The Wampum nominations for Best Expert Blog are up…and Pharyngula is among them. The coolest thing, though: about 20% of the nominees are science blogs!
It’s hard to decide what’s the bigger outrage here: 1) That Bush didn’t tell the public his real “dissenter” view on global warming; or 2) that Karl Rove set up a secret science advisory session for the president with a novelist.
Hmmm. Lying and misrepresenting his views, vs. wallowing stupidly in ignorance…which is more damning? Fortunately, since he’s guilty of both, we don’t have to make a decision and can just spit and curse with a little extra disgust.
I used to live in Utah, I’ve read parts of the Book of Mormon, and I’ve always been baffled about how such a cockamamie story that is contradicted by all of the evidence could possibly be so popular. Facts don’t matter to a religion, of course, and the LDS Church has its own answer: it’s a conspiracy by scientists to attack their True Version of History.
Officially, the Mormon Church says that nothing in the Mormon scriptures is incompatible with DNA evidence, and that the genetic studies are being twisted to attack the church.
Uh, I think that whole business of Native Americans being descended from the lost tribe of Israel is pretty much blown away by the genetic evidence.
Michael Behe’s reputation is spiraling down the drain a little more. He denies the ongoing research on his favorite scientific examples, the flagellum and the immune system, and I think Les Lane has the right idea—his favorite icon, Mt Rushmore, needs a little more undermining, too.
That first link above includes an excellent quote from the prescient and thorough Charles Darwin; he had the Behes pegged over a century ago.
[I]gnorance more frequently begets confidence than does knowledge: it is those who know little, and not those who know much, who so positively assert that this or that problem will never be solved by science.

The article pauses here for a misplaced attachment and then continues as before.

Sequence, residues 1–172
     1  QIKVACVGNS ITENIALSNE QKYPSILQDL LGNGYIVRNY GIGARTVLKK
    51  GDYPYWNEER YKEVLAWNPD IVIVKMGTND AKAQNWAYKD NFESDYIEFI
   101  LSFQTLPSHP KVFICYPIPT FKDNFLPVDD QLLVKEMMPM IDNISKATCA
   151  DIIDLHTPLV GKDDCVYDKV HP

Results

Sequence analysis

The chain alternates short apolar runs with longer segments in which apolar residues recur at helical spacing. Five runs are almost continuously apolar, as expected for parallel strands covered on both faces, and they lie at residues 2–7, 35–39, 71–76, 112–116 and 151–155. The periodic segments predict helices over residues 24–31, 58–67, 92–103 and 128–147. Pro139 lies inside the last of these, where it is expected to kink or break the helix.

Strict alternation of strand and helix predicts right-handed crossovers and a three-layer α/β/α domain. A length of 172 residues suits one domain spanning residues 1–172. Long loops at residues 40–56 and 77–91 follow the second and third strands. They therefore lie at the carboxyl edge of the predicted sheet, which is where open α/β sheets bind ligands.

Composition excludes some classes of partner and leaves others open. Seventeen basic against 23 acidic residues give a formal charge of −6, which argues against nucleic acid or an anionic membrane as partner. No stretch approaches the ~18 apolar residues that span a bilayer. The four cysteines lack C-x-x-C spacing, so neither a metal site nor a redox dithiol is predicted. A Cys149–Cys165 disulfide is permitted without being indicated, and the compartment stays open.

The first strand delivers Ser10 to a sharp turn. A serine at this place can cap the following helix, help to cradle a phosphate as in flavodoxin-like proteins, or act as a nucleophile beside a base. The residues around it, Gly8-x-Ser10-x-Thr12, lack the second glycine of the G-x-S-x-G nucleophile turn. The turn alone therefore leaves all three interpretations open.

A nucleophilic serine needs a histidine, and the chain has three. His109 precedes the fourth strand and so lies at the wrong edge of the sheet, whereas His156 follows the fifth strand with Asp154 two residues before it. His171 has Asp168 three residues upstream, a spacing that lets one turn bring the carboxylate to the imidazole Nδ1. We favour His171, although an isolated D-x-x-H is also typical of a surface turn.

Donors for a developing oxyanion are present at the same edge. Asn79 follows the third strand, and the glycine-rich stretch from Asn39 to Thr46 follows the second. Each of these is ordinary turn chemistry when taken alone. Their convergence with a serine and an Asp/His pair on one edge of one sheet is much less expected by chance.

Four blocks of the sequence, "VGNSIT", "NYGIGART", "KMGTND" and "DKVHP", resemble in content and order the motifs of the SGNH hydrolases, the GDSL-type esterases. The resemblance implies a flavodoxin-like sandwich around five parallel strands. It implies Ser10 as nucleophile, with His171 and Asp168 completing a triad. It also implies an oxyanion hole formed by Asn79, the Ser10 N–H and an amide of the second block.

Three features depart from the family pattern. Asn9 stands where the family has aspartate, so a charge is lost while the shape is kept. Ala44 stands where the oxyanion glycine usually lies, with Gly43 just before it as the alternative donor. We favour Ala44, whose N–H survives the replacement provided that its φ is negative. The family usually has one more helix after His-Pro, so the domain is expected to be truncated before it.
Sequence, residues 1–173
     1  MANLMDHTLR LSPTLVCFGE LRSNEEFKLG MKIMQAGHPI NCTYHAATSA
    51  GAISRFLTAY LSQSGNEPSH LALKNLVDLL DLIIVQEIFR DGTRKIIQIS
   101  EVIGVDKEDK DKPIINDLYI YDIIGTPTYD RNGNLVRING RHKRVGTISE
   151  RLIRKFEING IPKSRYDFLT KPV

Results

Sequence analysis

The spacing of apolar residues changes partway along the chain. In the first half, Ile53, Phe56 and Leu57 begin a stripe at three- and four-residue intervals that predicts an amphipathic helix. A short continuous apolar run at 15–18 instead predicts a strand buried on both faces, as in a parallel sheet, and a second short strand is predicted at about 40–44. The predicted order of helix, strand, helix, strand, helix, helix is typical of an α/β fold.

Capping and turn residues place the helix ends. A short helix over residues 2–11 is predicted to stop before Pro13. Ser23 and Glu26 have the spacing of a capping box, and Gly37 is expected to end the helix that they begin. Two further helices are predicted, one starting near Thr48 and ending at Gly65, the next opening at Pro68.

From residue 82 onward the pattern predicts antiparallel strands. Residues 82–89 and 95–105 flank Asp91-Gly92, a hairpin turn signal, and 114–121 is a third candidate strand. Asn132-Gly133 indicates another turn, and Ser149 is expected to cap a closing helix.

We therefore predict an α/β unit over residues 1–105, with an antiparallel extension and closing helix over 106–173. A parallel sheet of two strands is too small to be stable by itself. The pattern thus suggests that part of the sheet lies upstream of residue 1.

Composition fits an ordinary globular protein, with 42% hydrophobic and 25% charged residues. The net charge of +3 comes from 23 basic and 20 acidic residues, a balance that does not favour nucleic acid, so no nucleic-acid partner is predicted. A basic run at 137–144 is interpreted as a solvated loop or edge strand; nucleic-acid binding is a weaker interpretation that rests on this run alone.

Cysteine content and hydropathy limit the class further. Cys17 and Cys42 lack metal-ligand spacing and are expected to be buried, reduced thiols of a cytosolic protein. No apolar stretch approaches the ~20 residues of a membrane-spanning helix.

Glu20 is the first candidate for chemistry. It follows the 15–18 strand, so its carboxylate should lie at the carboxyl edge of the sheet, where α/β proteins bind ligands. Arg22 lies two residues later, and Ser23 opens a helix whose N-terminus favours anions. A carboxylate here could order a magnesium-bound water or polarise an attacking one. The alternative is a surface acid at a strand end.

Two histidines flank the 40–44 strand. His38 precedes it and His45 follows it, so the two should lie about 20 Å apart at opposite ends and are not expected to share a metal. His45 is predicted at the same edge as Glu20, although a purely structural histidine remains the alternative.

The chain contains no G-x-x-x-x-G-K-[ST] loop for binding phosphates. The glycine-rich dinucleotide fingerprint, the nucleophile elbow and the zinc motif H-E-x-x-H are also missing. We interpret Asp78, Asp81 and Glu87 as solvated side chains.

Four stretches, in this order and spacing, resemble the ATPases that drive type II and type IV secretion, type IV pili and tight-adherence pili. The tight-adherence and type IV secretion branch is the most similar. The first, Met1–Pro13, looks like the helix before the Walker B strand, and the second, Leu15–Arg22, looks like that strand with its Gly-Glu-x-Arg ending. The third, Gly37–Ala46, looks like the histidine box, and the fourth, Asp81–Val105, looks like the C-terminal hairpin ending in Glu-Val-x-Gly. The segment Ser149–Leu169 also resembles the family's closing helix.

You can always trust Francis Beckwith to get it all wrong. He’s arguing against the Dover decision on false premises.
Should religious motivations of a theory’s proponents disqualify that theory from receiving a hearing in the public square? It’s a point that has become a central issue in the Intelligent Design-evolution debate.
Francis J. Beckwith, associate director of the J.M. Dawson Institute of Church-State Studies and associate professor of church-state studies at Baylor University, told a New Orleans Baptist Theological Seminary forum that the striking down of a policy based solely on the religious motives of its adherents is “logically fallacious and constitutionally suspect.”
You know me—I’m brutally materialistic and uncompromisingly atheistic—and even so, I don’t think the quality of a science teacher is determined by whether they go to church on Sunday or not. The Dover decision slammed the creationists hard, not because the backers were religious, but because they had no scientific basis for their arguments and their goals were clearly religious. It didn’t help their case at all that their primary advocates so clearly demonstrated the intellectually vacuous nature of Intelligent Design creationism. It wasn’t shot down because its proponents were Christian, but because they were unscientific and had allowed their faith to mislead and misrepresent their dogma as science.
One more thing from that Beckwith article:
“Intelligent design is not stealth creationism,” Beckwith said.
Rather, ID is a name for a cluster of arguments that reasons the universe to be the result of intelligent agency rather than of unguided matter, Beckwith explained. The theory lacks the accompaniment of religious authority or sacred Scripture.